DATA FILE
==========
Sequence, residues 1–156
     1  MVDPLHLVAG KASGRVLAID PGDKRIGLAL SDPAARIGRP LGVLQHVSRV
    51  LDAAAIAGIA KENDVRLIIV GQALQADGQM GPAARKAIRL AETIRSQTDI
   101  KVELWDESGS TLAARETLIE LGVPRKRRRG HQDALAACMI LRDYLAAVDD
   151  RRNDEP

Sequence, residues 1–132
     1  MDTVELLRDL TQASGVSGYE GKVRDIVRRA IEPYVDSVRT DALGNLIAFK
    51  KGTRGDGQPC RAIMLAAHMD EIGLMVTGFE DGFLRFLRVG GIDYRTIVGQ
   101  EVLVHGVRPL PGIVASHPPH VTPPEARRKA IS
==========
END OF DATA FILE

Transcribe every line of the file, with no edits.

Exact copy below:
Sequence, residues 1–156
     1  MVDPLHLVAG KASGRVLAID PGDKRIGLAL SDPAARIGRP LGVLQHVSRV
    51  LDAAAIAGIA KENDVRLIIV GQALQADGQM GPAARKAIRL AETIRSQTDI
   101  KVELWDESGS TLAARETLIE LGVPRKRRRG HQDALAACMI LRDYLAAVDD
   151  RRNDEP

Sequence, residues 1–132
     1  MDTVELLRDL TQASGVSGYE GKVRDIVRRA IEPYVDSVRT DALGNLIAFK
    51  KGTRGDGQPC RAIMLAAHMD EIGLMVTGFE DGFLRFLRVG GIDYRTIVGQ
   101  EVLVHGVRPL PGIVASHPPH VTPPEARRKA IS